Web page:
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Principle of relativity, covariance and physical law.

  1. Jun 2, 2012 #1
    Hi! I'm studying special relativity and relativistic dynamics and I'm struggeling a little bit with the concept of 'covariance' of physical equations.

    As far as I understand so far 'covariance' is related to the 'form invariance' of the equations of motions in relativity and the concept is important because of the principle of relativity, i.e. that all physical laws are the same in every reference frame.

    Maybe a good example here is the rate of change of momentum in an electromagnetic field;
    one observer might say that the circular motion of an electron is due to a pure magnetic field, while another observer with a relative velocity experiences it as being due to a mixture of magnetic and electric fields.

    Is this then an example of something which is in contradiction to the principle of relativity and thus not a physical law, per definition?

    Is the reason that we introduce the field tensor and write
    [tex]m \frac{d^2 x^\mu}{d \tau^2} = F^{\mu \nu} \frac{d x^\nu}{d \tau}[/tex]
    that this equation is covariant in the sence that ALL observers will agree that the proper acceleration of the space time position is due to the field tensor, so that THIS then is an example of a physical law?

    I would really appreciate comments on my current understanding and start a discussion around this to get it straight.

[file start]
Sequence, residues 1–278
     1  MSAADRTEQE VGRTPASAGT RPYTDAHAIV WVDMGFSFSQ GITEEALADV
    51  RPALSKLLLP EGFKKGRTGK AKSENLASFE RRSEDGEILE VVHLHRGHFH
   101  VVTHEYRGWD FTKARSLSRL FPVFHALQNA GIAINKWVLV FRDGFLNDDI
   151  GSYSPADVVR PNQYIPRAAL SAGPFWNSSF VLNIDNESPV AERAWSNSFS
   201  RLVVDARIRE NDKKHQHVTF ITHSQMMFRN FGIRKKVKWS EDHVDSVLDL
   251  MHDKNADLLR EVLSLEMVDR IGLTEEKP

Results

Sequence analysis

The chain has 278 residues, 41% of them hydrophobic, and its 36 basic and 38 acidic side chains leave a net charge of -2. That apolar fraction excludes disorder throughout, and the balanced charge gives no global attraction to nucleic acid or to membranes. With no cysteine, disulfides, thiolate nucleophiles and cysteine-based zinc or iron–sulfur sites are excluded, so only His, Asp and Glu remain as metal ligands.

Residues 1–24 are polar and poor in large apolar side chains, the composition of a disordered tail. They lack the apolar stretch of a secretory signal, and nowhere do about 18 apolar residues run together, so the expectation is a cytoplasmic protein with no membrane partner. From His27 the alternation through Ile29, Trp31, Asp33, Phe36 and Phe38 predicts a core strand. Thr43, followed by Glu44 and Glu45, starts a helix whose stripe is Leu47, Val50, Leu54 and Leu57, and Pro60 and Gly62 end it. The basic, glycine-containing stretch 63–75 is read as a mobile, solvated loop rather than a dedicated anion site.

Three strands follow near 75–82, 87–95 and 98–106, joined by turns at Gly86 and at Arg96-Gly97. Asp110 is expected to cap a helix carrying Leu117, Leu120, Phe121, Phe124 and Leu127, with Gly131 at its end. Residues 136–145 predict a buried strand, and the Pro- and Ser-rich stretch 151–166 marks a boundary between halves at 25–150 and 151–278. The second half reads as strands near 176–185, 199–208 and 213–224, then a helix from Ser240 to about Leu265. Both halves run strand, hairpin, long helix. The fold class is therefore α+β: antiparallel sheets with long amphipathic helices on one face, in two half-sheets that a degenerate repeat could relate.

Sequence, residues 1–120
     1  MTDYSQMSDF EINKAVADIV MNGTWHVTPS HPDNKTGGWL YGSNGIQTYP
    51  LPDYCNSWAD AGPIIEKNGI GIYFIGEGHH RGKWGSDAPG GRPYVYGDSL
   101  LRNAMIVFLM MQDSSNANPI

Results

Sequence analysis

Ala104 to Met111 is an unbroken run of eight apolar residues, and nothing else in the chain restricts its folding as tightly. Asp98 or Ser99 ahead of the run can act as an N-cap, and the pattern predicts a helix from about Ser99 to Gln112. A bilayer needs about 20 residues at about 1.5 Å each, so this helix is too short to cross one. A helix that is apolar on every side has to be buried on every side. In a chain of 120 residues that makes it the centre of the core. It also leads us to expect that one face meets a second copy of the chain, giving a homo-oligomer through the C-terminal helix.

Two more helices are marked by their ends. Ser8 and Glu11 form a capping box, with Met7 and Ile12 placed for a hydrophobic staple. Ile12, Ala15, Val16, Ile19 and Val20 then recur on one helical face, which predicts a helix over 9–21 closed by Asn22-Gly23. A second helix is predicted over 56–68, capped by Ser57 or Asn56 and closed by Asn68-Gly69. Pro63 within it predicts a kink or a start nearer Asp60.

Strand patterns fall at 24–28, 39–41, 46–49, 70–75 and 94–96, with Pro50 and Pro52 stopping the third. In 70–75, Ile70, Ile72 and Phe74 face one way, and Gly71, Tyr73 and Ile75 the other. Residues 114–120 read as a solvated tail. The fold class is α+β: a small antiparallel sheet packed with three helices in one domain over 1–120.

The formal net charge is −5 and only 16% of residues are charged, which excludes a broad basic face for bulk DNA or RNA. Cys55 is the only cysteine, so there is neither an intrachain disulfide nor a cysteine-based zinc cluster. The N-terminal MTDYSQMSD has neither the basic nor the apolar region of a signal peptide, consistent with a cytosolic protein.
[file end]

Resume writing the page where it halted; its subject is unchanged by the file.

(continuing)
2. jcsd
  3. Jun 6, 2012 #2
    The main motivation for talking about relativistically covariant objects is to be able to talk about them in a different coordinate system from the one you started out with.

    In other words, while one can work with E and B and not F, when one transforms into a new coordinate system, to find E' you need to know both E and B, for example. F is regarded as a complete, covariant object because transforming from F to F' only requires information about the components of F (and the nature of the transformation).

    The equation you gave is covariant in the sense that different observers will measure the components of the proper acceleration, EM field tensor, and the velocity (you should've had current here) and get the same answer when the equation is assembled.

    In a broader sense, covariant objects obey certain transformation laws--not arbitrary ones, but ones based in the geometry of spacetime, like rotations (boosts), translations, stretches, and dilations.
     
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